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In Theaters


Home Release Date




Adam R. Holz

Movie Review

Chev Chelios is a hit man on the verge of reaping what he’s sown. Following a successful hit on the crime lord Don Kim, Chev awakens to find that the kingpin’s henchmen have poisoned him. A video message from a lackey named Ricky Verona informs Chev he’ll be dead within the hour.

The enraged assassin quickly discovers, however, that adrenaline staves off the death-dealing drug’s effects—which are the slowing of his heart and blurring of his vision. So, what else is there to do than launch a reckless, retaliatory, adrenaline-pumping rampage across Los Angeles in search of Verona? Along the way he picks up his girlfriend, Eve, whom he uses to amp up the excitement (in more ways than one) even higher.

Positive Elements

Late in the film, Chev confesses to Eve that he is ready to relinquish his career as a hit man for the sake of a future with her. Quitting means exercising his conscience—arguably the lone such occurrence in the movie—and sparing someone he was paid $100,000 to kill. Chev also confronts thugs sent to kill his girlfriend (it doesn’t go well for them), rescuing her in the process (but then exposing her to a lot more danger—and bullets).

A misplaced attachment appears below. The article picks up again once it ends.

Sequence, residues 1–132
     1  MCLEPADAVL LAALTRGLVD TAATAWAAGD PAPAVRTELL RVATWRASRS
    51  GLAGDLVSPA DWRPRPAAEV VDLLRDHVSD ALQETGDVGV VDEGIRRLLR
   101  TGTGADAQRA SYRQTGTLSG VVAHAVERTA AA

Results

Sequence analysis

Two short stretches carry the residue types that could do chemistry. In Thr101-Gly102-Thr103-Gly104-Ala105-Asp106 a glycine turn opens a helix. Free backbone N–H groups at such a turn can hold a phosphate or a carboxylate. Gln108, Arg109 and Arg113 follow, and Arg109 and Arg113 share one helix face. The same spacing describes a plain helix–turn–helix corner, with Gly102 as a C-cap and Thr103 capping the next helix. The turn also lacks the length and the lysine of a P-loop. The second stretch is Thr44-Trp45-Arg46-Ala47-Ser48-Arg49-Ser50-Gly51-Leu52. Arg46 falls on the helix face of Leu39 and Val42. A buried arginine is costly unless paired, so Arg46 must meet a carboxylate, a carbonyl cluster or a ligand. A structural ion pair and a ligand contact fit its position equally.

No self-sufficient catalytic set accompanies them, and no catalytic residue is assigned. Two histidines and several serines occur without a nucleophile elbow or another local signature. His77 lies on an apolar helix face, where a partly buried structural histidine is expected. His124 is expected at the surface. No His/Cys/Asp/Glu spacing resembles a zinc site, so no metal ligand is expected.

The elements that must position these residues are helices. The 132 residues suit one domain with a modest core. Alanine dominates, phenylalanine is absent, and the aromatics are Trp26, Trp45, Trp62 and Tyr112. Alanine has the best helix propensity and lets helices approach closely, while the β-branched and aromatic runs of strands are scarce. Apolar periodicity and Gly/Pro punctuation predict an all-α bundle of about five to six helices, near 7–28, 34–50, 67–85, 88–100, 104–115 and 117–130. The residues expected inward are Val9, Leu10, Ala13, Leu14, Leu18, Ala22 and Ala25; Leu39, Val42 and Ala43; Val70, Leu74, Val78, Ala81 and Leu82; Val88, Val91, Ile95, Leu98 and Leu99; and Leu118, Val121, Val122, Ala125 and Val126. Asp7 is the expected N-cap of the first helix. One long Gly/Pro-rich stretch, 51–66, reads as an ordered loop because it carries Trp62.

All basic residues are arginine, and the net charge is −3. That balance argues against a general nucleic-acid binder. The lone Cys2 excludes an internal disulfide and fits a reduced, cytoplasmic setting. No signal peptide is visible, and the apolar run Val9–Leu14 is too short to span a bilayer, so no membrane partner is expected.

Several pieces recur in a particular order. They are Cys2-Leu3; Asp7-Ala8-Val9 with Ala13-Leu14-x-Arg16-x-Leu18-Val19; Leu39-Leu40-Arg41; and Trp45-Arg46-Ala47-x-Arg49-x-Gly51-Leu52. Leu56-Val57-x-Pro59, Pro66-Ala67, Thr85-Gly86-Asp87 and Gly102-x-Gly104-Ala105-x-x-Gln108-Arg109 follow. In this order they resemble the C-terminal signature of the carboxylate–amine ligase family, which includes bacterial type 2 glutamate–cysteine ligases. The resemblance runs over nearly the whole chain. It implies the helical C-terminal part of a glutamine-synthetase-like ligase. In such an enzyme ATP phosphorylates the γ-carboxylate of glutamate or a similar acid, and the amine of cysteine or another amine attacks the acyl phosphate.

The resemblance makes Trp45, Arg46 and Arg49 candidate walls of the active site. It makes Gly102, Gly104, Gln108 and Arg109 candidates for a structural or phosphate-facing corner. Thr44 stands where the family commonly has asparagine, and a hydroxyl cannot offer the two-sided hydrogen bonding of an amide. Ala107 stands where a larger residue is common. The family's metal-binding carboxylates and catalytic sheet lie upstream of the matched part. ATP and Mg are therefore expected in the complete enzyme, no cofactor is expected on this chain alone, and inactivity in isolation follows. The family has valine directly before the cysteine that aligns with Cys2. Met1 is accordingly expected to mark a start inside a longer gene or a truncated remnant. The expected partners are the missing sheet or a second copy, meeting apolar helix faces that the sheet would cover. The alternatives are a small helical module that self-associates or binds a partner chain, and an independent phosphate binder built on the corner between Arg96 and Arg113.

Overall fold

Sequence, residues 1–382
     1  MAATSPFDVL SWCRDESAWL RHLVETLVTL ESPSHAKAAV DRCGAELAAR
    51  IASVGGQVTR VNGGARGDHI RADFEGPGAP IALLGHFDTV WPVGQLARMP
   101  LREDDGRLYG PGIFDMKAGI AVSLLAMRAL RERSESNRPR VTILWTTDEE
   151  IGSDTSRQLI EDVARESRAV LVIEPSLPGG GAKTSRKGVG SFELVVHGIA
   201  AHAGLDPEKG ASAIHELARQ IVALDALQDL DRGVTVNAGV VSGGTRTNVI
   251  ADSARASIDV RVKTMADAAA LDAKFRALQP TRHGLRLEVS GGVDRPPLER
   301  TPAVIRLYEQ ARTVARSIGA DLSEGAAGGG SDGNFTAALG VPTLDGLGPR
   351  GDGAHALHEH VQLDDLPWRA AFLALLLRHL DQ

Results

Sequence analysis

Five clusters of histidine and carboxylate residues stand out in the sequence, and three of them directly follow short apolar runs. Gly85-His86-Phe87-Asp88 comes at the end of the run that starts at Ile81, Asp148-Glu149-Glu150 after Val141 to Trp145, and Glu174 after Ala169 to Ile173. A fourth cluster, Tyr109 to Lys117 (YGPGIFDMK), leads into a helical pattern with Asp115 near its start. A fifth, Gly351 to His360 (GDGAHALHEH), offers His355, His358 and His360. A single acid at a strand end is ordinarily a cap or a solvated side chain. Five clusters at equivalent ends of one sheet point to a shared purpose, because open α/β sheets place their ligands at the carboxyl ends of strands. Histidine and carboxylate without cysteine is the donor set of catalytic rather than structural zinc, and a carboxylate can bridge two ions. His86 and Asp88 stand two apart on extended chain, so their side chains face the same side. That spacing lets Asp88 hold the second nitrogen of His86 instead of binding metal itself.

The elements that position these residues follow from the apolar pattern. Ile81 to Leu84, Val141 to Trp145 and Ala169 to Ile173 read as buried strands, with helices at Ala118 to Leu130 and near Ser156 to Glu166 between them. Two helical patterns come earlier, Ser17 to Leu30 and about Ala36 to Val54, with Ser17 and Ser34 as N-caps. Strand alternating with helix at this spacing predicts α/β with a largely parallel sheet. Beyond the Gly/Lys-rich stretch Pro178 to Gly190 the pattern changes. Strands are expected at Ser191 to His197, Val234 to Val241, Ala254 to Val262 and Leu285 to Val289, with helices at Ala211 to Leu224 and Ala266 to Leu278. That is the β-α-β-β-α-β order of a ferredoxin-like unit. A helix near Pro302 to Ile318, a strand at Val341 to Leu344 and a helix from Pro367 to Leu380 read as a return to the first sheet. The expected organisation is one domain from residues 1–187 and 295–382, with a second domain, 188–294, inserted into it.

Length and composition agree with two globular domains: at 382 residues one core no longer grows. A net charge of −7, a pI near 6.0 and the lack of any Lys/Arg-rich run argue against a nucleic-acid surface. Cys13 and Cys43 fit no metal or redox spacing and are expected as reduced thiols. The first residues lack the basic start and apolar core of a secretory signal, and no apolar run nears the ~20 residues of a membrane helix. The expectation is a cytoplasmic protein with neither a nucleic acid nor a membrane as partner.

Spiritual Elements

Chev asks an Asian man he’s about to shoot if he’s ready to meet Buddha.

Sexual Content

Three scenes include breast nudity. The first shows Chev’s doctor with three topless women in a massage parlor. Another depicts a topless woman at what seemed to be a sex/fetish bar (other patrons wear revealing and risqué outfits as well). Finally, Chev paws at Eve’s dress, pulling it down.

That last bit is a prelude to a lengthy, graphic sex scene in which Chev demands that Eve have sex with him—even though they’re in the middle of a Chinatown marketplace. She resists at first, then obliges. In the end, she’s the one egging him on and making fun of the fact that he can’t seem to make everything “work” at first. The pair then has rough sex in different positions, to the perverse delight of hundreds of shocked-but-entranced onlookers, including a busload of young people. Later, one of them breathlessly tells a newsperson about what she’d witnessed.

It’s implied that Eve performs oral sex on Chev while he’s driving in a car chase. And she comments graphically about the effect of the drugs on his sexual anatomy. Another scene depicts another woman standing up after kneeling between a man’s legs, suggesting oral sex.

A barely clothed stripper pole-dances. Lingering camera shots focus on women in bikinis. Several women wearing little are “ornaments” in translucent plastic spheres at the headquarters of a crime boss named Carlito. We see Eve in her underwear and glimpse her bare back as she changes clothes. We see Chev’s bare backside.